|Birth name||Richard Dean Grove|
Lakeville, Indiana, U.S.
|Died||December 26, 1998|
|Occupation(s)||Educator, author, musician|
Richard Dean Grove (1927 – December 26, 1998) was an American musician, composer, arranger, and educator. He is best known as the founder of the Dick Grove School of Music. Its students include Michael Jackson, Linda Ronstadt, and Barry Manilow, and its teachers Henry Mancini, Bill Conti, and Lalo Schifrin.
Grove was born in Lakeville, Indiana. At the University of Denver he studied music and then taught piano locally. In 1957 he moved to Los Angeles and taught at the Westlake School of Music. Westlake concentrated on the Schillinger System, which served as a basis for the first curricula at Berklee School of Music (which was called the Schillinger House of Music). In his Composing & Arranging Program, he mentions that he studied the Schillinger System for nine years.
He established the Dick Grove School of Music in Los Angeles in 1973. After the school closed in 1991, he established the Grove School Without Walls, a distance-learning school where he taught Musicianship and Modern Harmony, Composing and Arranging, and Jazz Keyboard via a series of books and accompanying videos and DVDs.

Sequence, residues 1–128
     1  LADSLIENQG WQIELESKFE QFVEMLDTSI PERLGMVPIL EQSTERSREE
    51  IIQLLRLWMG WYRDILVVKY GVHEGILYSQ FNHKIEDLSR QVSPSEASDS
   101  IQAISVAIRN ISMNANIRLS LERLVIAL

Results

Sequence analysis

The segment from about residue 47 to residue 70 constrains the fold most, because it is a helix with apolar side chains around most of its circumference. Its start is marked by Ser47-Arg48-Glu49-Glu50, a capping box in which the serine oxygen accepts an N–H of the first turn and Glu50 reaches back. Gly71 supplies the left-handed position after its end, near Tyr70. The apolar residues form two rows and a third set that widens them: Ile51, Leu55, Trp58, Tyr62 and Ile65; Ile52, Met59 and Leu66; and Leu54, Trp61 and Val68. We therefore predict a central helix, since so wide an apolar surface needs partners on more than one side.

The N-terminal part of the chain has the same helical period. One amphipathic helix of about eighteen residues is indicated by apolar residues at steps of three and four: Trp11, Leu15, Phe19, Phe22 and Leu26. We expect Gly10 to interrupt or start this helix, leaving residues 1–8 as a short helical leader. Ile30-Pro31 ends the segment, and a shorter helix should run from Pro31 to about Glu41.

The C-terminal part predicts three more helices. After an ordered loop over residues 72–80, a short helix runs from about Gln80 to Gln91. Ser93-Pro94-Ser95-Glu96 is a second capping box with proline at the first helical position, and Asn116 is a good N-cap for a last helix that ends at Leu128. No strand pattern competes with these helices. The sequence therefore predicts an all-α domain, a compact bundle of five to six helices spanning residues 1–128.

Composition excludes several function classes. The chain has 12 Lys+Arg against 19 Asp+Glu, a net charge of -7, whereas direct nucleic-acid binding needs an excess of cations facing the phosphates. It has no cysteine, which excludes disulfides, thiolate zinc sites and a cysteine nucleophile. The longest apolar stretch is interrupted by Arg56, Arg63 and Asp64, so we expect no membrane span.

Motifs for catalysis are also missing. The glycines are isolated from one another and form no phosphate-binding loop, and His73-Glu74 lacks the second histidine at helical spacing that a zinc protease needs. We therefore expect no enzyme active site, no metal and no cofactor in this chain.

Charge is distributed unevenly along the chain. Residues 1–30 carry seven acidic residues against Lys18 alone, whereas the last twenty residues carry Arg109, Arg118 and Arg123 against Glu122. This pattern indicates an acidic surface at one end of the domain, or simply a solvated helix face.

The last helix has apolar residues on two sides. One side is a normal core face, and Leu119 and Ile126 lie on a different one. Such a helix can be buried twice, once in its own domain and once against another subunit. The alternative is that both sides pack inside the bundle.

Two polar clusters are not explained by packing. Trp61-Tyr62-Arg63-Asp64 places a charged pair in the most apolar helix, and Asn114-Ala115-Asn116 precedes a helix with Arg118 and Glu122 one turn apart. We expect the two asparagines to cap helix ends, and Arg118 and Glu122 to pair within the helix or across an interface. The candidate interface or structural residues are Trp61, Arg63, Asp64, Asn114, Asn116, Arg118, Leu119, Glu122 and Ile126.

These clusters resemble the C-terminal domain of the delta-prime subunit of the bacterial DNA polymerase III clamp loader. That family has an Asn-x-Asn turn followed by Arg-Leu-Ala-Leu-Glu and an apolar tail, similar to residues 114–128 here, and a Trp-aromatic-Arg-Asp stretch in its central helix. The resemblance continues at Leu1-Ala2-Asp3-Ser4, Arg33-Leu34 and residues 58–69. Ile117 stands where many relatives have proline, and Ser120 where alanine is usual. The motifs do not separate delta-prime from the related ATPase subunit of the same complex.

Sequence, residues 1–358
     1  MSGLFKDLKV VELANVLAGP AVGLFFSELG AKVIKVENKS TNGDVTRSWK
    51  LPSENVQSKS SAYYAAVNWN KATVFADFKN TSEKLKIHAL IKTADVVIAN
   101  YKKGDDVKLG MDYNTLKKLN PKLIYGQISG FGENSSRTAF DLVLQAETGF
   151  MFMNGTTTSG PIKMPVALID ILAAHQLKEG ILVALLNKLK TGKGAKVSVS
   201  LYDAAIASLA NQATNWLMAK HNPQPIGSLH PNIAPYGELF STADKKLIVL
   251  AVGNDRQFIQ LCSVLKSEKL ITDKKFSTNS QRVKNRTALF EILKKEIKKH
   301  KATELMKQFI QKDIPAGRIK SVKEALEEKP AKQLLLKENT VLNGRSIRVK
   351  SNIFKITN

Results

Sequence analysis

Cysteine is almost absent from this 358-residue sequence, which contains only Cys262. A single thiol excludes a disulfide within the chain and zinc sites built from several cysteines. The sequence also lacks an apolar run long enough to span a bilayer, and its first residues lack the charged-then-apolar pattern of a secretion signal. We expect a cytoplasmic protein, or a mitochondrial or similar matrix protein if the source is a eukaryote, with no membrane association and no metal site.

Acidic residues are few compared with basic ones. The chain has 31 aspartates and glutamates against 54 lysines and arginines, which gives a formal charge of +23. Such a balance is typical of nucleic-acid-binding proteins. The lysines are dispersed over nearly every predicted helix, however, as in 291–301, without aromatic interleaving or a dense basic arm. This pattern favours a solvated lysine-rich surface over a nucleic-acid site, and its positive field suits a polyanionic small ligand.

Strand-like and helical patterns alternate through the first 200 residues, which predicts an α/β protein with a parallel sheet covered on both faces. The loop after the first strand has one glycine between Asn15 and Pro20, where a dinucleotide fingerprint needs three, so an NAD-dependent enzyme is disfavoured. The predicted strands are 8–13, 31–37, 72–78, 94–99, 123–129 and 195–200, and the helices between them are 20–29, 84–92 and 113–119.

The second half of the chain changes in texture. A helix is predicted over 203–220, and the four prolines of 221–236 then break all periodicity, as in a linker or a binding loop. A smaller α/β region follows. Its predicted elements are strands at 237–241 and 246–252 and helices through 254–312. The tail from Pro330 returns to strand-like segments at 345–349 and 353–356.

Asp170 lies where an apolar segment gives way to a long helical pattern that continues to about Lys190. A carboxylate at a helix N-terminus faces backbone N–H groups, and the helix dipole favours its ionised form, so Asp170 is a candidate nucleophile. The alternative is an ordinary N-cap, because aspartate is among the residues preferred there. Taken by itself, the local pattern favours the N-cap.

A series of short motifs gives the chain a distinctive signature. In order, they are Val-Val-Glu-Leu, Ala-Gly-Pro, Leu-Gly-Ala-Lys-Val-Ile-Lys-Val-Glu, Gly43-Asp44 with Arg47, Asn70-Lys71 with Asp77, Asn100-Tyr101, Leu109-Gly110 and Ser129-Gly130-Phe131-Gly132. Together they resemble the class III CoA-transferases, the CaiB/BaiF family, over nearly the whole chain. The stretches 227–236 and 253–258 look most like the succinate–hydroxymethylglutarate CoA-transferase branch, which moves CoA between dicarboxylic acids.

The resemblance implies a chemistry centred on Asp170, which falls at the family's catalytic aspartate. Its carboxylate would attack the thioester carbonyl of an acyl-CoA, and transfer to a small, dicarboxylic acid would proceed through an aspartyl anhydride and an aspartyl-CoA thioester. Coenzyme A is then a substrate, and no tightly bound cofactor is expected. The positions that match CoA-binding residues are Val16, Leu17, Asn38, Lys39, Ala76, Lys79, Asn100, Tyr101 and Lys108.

While operating the Grove School and the School without Walls, Grove published many books on musicianship, jazz harmony, ear training, improvisation, composing, and arranging as related to contemporary styles of music. He pioneered innovative concepts such as tying the study of chord symbols, jazz harmony and chord-scale-theory to ear training by using movable do solfege; the concept of chord families to organize all possible chords (including all extended chords); the concept of plural interior chords and "assumed roots" within a chord family, which is instrumental in systematically organizing slash chords, polychords, and "upper structure" voicings used in jazz; the "grid" concept, an expanded circle of fifths that helps to visualize and analyze chord progressions moving through different momentary keys) according to criteria of good voice leading; the concept of "shapes" as a systematic approach to understanding voicings, a comprehensive approach to jazz harmonization and reharmonization.